Of course, this is an improvement of the shameful 1998 version, however, this could have been much better with a more experienced director and a shorter version, unless they would have a more interesting script, which they hadn't. The human centric view of this movie made it a really boring version of what we already had, several times and already done by the Japanese. Besides a couple of brilliant scenes, this movie has nothing to offer. Next time you want to see a Godzilla movie, I recommend you to get Godzilla (1954), not this mediocre re imagination.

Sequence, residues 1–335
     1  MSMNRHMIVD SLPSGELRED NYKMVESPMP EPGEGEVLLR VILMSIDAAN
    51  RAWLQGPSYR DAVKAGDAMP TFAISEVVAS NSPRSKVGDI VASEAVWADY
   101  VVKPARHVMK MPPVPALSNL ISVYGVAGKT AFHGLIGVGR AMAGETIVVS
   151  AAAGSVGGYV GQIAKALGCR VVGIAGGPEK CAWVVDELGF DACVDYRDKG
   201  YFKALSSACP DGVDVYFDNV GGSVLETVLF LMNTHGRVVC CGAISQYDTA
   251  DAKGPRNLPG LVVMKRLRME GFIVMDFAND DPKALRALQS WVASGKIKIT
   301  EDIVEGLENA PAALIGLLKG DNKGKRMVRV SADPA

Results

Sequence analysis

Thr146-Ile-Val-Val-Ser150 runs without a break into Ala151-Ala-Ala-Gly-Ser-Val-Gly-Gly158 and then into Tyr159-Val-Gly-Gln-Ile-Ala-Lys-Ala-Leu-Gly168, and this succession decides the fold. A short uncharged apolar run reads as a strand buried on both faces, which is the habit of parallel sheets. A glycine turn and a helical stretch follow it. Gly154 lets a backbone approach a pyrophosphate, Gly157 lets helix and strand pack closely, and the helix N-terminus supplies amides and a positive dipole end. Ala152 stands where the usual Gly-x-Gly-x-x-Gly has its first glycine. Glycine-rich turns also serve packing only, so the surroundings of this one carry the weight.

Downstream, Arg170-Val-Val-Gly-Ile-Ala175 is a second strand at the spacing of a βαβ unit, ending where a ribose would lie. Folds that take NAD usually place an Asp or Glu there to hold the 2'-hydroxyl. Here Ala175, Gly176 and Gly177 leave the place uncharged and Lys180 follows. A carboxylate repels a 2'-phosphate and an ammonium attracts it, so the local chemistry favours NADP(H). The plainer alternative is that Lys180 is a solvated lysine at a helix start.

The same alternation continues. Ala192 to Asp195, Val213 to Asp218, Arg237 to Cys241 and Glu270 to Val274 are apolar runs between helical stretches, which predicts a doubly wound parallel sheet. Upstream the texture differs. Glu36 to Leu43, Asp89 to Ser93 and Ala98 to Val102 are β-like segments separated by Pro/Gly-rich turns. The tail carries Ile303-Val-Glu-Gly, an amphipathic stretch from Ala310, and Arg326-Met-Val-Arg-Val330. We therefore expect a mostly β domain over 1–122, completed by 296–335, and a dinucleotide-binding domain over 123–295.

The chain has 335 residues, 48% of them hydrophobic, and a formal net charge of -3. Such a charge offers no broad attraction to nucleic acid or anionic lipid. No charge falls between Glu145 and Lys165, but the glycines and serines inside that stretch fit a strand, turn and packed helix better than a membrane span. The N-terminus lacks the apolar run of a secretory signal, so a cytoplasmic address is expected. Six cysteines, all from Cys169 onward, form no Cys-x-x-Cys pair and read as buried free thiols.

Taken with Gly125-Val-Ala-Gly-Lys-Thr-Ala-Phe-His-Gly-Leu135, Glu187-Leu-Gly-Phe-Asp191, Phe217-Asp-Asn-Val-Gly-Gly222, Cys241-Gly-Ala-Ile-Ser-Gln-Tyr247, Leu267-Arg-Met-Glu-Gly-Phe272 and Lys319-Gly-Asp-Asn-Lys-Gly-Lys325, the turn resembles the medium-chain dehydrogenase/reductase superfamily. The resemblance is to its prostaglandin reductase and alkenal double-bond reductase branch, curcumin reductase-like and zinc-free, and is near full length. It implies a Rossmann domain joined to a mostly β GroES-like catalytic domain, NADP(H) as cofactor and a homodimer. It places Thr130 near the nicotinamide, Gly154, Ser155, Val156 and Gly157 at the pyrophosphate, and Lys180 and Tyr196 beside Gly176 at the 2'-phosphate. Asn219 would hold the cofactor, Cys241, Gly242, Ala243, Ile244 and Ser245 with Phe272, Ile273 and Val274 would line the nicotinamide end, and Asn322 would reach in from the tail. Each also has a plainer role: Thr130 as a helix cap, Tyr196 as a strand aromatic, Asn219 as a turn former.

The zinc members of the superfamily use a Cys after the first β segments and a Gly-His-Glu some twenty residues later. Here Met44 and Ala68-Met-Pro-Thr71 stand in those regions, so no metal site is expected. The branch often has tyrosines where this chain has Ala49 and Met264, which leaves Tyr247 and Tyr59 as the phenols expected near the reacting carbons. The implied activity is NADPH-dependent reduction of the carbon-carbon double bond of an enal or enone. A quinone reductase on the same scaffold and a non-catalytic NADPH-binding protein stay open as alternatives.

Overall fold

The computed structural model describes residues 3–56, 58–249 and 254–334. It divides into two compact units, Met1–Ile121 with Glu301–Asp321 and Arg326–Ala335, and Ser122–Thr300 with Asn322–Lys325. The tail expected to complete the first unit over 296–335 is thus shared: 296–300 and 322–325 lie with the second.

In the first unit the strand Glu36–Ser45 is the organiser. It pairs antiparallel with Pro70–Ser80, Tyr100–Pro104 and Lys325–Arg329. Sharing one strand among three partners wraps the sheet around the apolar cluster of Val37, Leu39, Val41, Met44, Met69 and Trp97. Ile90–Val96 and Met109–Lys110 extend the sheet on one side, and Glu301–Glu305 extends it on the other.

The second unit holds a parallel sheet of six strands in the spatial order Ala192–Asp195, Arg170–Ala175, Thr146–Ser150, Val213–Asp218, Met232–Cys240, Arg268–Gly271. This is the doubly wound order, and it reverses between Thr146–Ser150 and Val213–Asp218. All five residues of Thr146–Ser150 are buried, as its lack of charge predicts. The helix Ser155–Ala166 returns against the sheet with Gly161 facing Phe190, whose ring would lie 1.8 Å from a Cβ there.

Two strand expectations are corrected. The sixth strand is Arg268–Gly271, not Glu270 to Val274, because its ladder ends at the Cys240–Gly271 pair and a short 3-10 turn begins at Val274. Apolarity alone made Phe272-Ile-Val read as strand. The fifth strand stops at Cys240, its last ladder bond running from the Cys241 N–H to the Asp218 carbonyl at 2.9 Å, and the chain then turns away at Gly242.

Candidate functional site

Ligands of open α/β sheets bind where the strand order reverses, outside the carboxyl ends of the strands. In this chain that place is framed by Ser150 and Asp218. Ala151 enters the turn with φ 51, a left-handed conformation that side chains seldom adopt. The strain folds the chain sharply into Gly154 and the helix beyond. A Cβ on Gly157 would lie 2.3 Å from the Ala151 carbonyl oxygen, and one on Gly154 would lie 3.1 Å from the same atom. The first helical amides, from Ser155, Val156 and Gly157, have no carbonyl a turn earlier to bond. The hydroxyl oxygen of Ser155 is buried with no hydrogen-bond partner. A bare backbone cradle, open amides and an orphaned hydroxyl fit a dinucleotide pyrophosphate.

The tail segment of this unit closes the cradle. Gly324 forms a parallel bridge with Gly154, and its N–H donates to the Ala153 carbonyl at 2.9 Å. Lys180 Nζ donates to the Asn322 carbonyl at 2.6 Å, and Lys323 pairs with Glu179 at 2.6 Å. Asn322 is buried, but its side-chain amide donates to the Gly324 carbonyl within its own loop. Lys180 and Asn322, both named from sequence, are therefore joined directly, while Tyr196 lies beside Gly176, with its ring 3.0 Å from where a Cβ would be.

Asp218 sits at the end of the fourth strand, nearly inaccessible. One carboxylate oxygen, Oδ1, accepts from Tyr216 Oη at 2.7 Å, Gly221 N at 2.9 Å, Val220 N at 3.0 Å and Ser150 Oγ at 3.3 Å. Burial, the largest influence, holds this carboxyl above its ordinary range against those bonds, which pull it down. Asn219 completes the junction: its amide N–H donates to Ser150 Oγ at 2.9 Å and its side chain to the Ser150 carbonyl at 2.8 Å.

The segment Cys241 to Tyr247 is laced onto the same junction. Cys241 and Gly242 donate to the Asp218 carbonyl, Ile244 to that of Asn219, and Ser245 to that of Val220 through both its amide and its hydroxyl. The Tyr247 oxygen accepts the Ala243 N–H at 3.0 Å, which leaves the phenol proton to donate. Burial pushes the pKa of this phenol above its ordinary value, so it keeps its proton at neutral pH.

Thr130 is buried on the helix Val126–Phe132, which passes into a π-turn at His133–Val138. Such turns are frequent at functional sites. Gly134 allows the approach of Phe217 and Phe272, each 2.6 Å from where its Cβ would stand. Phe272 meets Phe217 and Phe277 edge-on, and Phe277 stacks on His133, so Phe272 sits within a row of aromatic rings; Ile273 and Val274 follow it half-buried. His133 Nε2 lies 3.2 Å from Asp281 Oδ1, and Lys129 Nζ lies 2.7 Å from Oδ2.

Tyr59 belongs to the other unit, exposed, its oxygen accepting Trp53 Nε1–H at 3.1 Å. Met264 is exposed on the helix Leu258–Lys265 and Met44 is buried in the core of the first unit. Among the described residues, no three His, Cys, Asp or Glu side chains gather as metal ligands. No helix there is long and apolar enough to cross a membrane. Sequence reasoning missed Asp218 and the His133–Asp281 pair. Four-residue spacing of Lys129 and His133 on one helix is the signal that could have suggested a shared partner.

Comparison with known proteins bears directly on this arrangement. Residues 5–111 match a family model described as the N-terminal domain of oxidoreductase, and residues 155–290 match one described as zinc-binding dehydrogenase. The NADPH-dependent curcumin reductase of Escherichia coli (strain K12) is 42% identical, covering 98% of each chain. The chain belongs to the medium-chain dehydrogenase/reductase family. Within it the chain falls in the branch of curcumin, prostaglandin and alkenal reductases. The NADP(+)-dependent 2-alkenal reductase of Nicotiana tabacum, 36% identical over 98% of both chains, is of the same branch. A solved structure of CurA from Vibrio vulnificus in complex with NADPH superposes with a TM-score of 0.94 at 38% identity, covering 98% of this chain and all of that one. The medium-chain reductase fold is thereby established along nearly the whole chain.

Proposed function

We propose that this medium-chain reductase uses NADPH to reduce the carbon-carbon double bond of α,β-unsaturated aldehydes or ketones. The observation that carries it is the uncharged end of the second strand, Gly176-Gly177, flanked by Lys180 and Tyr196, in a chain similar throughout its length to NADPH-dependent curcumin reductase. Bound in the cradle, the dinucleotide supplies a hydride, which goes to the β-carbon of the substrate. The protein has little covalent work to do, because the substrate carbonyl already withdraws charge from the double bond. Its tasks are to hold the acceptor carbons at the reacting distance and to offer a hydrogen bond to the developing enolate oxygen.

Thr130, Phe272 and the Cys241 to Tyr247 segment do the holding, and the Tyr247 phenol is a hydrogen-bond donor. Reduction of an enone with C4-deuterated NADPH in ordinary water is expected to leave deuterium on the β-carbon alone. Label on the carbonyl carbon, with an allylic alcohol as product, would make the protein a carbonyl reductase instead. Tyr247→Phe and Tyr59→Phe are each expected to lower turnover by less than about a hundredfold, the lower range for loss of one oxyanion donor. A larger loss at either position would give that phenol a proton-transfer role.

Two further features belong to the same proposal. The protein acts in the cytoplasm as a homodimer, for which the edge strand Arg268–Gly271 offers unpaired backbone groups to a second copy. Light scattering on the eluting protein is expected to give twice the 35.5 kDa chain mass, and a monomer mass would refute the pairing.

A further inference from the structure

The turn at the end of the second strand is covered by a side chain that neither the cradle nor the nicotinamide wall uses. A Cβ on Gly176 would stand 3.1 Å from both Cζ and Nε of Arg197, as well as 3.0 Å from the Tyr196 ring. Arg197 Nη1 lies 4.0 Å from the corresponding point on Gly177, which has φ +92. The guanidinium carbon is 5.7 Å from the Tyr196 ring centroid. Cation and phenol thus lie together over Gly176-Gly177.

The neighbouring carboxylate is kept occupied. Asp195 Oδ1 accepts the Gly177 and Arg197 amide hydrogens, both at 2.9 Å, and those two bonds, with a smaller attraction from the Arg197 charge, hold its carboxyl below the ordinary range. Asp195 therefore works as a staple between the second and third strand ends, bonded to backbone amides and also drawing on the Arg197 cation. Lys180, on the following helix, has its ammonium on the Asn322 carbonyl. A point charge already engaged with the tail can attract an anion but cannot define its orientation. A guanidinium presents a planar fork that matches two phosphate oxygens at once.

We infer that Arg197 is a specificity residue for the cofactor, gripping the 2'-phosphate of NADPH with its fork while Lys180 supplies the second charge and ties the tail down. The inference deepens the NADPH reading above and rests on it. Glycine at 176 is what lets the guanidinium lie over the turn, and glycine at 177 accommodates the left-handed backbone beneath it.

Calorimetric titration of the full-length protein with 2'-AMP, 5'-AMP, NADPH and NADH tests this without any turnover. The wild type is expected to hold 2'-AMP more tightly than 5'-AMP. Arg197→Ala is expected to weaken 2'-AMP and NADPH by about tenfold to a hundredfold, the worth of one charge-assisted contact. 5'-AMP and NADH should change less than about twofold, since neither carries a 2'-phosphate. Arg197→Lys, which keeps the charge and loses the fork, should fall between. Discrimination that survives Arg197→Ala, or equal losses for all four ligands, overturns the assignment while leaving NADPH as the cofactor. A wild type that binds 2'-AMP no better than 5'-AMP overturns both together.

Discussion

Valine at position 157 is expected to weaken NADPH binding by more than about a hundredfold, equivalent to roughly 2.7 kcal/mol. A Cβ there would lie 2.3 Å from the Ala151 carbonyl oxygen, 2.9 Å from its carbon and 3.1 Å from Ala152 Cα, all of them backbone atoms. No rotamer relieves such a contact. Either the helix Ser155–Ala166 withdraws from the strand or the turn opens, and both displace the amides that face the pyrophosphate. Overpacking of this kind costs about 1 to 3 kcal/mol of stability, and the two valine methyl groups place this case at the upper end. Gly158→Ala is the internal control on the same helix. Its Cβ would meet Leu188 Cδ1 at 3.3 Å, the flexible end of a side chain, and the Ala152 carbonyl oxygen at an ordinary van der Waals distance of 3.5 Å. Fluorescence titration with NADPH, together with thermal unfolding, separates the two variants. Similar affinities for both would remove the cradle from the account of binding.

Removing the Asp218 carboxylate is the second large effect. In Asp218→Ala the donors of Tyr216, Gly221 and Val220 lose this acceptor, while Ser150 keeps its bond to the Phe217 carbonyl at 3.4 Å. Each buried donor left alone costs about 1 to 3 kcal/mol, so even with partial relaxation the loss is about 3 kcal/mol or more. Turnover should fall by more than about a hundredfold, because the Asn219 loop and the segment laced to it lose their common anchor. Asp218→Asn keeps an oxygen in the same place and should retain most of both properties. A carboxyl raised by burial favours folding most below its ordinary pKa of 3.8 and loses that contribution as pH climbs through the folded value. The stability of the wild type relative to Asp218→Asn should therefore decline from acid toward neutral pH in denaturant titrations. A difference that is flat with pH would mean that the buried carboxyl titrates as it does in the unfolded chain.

Sierratangoxray (May 14th 2014). Logo von Godzilla. (Uploaded by Sierratangoxray) [CC BY-SA 3.0 (http://creativecommons.org/licenses/by-sa/3.0/deed.en)], undefined. Picture Available On-line in http://upload.wikimedia.org/wikipedia/commons/b/bd/Godzilla_%282014%29_-_Logo_-_2.png
Skidmore, Gage (July 20th 2013). Elizabeth Olsen, Aaron Taylor-Johnson and Bryan Cranston promoting the film Godzilla at the 2013 San Diego Comic Con International. (Uploaded by Flickr.com bot) [CC BY-SA 2.0 (http://creativecommons.org/licenses/by-sa/2.0/deed.en)], undefined. Picture Available On-line in http://upload.wikimedia.org/wikipedia/commons/0/0f/Elizabeth_Olsen%2C_Aaron_Taylor-Johnson_%26_Bryan_Cranston.jpg